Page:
Monday, October 30, 2006

Reading in Cheltenham this Sunday

This Sunday evening, November 5th, I'll be running an hour-long poetry workshop in Cheltenham, followed by a reading from my new collection BOUDICCA & CO with open mic session. It's being held upstairs at the Beehive Pub, at "Buzzwords" which is a regular poetry event, from 7pm onwards.

For those only wishing to hear me read, or to read their own work, the poetry reading and open mic session begins at 8pm, upstairs at


I'm keeping my fingers crossed there won't be too many loud bangs - November 5th being bonfire night! - during my reading, but if there are, the atmosphere will probably suit my poetry, many of the poems from the Boudicca sequence being concerned with war!

If anyone browsing this blog can make it, I'd love to see you there!


Friday, October 27, 2006

The Nail, Autumn 2006

A new issue of THE NAIL is just out and lying on my desk. THE NAIL is an eclectic magazine coming out of Oxford - edited by Dave Todd - which looks in particular at the live poetry scene in Oxford and beyond. This new issue of THE NAIL features spanking new poetry by, well, me, plus many talented live poets such as AF Harrold, Alan Buckley, Rob Gee, Peter Wyton and Nina Davies.

Besides its vibrant cover, the magazine is also illustrated throughout, with photographs and some highly atmospheric line drawings.

Even if you don't usually buy the smaller poetry magazines, THE NAIL is useful because it has two pages of live poetry and performance listings at the back of each issue, letting people know what's on where in the Oxfordshire and Reading areas. You can buy THE NAIL from Dave Todd - pictured left in MY hat! - by contacting him for details: davetodd or send contributions with SAE for return to Dave, Hammer & Tongue, 16b Cherwell Street, Oxford, OX4 1BG - though you really should buy a copy first to see the sort of work he prefers.

Tuesday, October 24, 2006

On Fame

Tidying my book shelves in advance of an influx of my own slim volume, in largish numbers for selling, I found a beautiful little green-backed 1897 edition of ‘The Lyrical Poems of John Keats’, heavily ornate, decorated with gilt flowers and leaves both on the spine and front cover.

Though I have several other editions of his works - letters as well as poems - I had forgotten that I owned this particular nineteenth century edition. Very much a pocket Keats, and unashamedly lovely.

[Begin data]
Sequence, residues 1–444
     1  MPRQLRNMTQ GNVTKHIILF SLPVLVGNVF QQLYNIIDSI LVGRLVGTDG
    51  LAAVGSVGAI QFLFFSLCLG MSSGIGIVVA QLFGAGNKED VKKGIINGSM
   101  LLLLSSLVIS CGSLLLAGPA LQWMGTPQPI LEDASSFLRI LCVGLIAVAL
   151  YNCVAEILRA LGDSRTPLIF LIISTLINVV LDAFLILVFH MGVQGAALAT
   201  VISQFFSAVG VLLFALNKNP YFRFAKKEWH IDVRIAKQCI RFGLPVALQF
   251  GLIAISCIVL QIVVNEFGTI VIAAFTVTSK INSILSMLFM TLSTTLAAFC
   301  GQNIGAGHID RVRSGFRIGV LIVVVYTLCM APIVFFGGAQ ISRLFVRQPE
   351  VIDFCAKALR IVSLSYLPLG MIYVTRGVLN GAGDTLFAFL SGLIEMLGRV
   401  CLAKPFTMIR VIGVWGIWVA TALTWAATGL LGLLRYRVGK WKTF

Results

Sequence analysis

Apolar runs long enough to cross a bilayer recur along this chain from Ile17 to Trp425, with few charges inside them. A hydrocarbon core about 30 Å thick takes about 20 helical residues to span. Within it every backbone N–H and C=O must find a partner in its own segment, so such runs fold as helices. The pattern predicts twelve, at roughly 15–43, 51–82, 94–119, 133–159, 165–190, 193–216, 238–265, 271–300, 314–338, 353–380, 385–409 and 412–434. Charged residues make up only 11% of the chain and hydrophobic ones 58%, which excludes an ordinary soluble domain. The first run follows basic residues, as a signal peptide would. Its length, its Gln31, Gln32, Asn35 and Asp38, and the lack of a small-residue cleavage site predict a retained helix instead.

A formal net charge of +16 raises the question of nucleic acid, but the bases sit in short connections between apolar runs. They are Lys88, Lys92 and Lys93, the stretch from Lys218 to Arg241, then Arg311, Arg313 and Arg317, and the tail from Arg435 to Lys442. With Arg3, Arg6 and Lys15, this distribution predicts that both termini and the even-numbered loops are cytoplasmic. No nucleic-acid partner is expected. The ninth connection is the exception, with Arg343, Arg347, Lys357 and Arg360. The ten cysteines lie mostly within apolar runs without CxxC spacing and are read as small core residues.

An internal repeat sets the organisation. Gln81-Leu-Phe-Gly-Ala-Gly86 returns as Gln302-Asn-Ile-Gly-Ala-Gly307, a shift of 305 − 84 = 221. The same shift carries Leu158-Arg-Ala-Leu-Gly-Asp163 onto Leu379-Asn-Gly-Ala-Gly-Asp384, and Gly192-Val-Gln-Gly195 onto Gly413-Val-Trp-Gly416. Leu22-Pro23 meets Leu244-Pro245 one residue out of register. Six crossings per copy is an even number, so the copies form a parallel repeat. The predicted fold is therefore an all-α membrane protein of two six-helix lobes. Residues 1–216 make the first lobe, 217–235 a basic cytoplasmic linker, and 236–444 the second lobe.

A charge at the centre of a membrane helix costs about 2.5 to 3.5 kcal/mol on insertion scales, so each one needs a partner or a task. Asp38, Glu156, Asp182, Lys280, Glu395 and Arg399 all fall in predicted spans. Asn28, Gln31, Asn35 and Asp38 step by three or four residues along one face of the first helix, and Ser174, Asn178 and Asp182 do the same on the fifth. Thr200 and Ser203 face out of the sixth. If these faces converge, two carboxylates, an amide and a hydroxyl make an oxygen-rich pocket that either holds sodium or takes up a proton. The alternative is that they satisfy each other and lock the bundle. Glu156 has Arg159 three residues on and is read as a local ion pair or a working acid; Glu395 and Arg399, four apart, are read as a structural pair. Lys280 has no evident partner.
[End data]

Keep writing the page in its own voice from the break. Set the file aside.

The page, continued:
Picking it up, the book fell open at the following poem; wonderfully serendipitous, given that I have just published a new collection of poetry myself and am wondering how well - or poorly - it will be received.


Fame, like a wayward girl, will still be coy
To those who woo her with too slavish knees,
But makes surrender to some thoughtless boy,
And dotes the more upon a heart at ease;
She is a Gipsy - will not speak to those
Who have not learnt to be content without her;
A Jilt, whose ear was never whisper’d close,
Who thinks they scandal her who talk about her;
A very Gypsy is she, Nilus-born,
Sister-in-law to jealous Potiphar;
Ye love-sick Bards! repay her scorn for scorn
Ye Artists lovelorn! madmen that ye are!
Make your best bow to her and bid adieu,
Then, if she likes it, she will follow you.

John Keats, 1818

Sunday, October 22, 2006

BETA BLOGGER -Time to Swop Formats

Okay, I swopped POETS ON FIRE over to the new advanced Beta Blogger system last weekend. Now it's the turn of my Raw Light blog.

If the site takes ages to load once the switch has happened, or if you spot any other problems like dead links or whatever, or even if you just love or hate the new look of Raw Light, please let me know by emailing me or leaving a comment below this post.

Here goes ... abracadabra!

PS. Just to add to this, having now switched over to Beta Blogger, there are some teething problems. Like not being able to post poetry up in the sidebar except as a list (posting it backwards, one line at a time, which is an odd but very interesting procedure!) and also having some trouble getting the new layout to load fully.

So please forgive any strange things going on for the next week or so, as the new format beds in. Hopefully, all will come right in the end.


Friday, October 13, 2006

Boudicca & Co. is now out there and available to buy!

Nine Years On

Friday 13th may be unlucky for some, but for me, it's an immensely important occasion and one I refuse to be superstitious about. Today, my second collection of poetry Boudicca & Co has gone live on the Salt Publishing website, which means it's now in print and available to buy!

It's nine years since my first poetry collection was published by Bloodaxe, amidst a flurry of exciting publicity. It seems an incredibly long time ago, yet some of the poems I wrote immediately following the New Blood tour in October 1997 - just after Brief History of a Disreputable Woman was published - are in this new book, and they still feel and sound as fresh to me as they did the day I wrote them.

So why did I wait so long before publishing my second collection? Well, it certainly wasn't because I'm a slow writer! I must have written nigh on three hundred poems, at least, in the interim between that first book and Boudicca, but I was advised that the vast majority of my poems were not up to scratch and so I dumped many of them soon after they were written. Possibly the wrong move, but I guess we'll never know.